Post by Contributing Writer Amy
“Daddy, will you color with me?” When your little one is looking up at you with hopeful eyes, what daddy could ever say no? Coloring is a daily activity around here and Daddy has been no exception. As the dad of three little girls, my husband has colored many Hello Kitty and Minnie Mouse masterpieces. For Father’s day, the big girls and I decided it’s time for a more “manly” Father’s Day coloring book, made just for him!
We used black markers, white paper, two pieces of daddy’s favorite color of paper, letter stickers, and a stapler. A new box of nice, sharp crayons for daddy is recommended as well!
1. First, we brainstormed things daddy likes and made a list. Even though my twin girls are only three and can’t read yet, making a list together is a great way to model the authentic use of reading and writing.
2. We read over the list and they took turns writing their first initial by the ideas they wanted to draw for the book.
3. We looked at one of their coloring books for a model. We noticed how all the drawings were done in just black, took up most of the page, and there was a lot of space to color. I wanted to remind them of our purpose before we began drawing so they didn’t get off track. We should have also noticed that the drawings were done vertically, since they made all their drawings horizontally. Opps! Daddy won’t mind, I’m sure!
4. Let the drawing begin! They referred back to the list often to remember their ideas for drawing. I think it’s important to encourage kids to do their own drawings, so I rarely draw for them. My first line of support when they were frustrated was to help them find a starting place. When Julia didn’t know how to draw daddy’s favorite food, nachos, I said, “Well, chips are usually triangle shaped. Can you draw a bowl with lots of triangles in it?” Both girls were usually able to continue on their own with only some discussion on the shapes of objects they wanted to draw.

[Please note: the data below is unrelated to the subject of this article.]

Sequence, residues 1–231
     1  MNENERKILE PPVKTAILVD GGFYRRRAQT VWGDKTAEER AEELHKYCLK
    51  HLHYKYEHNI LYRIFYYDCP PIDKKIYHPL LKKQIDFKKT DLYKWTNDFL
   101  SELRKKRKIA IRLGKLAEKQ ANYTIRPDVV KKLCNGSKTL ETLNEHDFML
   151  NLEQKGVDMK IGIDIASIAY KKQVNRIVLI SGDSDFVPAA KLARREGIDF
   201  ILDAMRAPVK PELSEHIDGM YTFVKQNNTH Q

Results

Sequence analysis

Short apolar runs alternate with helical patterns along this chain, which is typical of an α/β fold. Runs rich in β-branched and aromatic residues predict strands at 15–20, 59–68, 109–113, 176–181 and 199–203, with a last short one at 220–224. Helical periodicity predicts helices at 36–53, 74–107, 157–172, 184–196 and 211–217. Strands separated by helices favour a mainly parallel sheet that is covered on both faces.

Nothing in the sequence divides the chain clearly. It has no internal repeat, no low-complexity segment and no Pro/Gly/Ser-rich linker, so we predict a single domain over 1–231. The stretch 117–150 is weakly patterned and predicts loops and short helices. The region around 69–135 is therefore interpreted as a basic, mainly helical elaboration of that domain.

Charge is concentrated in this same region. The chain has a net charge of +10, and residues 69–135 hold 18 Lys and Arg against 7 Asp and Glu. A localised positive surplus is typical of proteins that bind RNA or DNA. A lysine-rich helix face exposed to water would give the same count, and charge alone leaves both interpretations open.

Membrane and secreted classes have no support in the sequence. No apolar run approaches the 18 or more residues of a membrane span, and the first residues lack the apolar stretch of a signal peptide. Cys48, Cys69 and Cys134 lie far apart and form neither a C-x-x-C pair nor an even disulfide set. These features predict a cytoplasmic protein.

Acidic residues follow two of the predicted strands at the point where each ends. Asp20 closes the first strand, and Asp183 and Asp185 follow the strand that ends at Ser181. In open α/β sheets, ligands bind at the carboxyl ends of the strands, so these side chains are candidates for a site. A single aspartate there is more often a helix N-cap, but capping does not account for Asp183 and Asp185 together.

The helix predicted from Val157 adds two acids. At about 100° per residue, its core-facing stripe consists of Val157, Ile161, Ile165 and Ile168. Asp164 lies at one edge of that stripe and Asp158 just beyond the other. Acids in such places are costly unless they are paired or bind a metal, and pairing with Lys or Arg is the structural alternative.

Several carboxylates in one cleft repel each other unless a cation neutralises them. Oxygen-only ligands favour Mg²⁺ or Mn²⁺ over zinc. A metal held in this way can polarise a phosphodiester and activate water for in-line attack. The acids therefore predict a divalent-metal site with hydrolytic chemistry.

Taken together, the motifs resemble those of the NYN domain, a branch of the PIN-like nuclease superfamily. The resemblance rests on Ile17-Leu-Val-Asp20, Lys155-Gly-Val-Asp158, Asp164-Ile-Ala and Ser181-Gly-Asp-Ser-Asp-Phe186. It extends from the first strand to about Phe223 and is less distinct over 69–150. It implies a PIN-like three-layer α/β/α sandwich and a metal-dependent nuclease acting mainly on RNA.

At one point, we got out a hammer to help draw the idea of “tools” from our list. Transferring a 3D object to a 2D drawing was a challenge she readily took on. I was surprised at the amount of learning and problem solving going on during the drawing process!
I should not have been surprised by what baby sister was doing while we were busy. Thank goodness for washable markers!
We were too busy learning and problem solving to notice her giving her baby some new ink, too. :)
5. I asked them for the title of each drawing and wrote it along with the initial of the child who drew it.
6. Using letter stickers on the cover was a good opportunity to practice letter recognition and sounds
7. Staple it all together!
8. We tied on a new pack of crayons just for daddy. He shouldn’t have to use broken nubs on his special day!
Amy is a former reading and third grade teacher as well as a mother to three little girls with big personalities. She believes joy can always be found in playing, learning, and ice cream.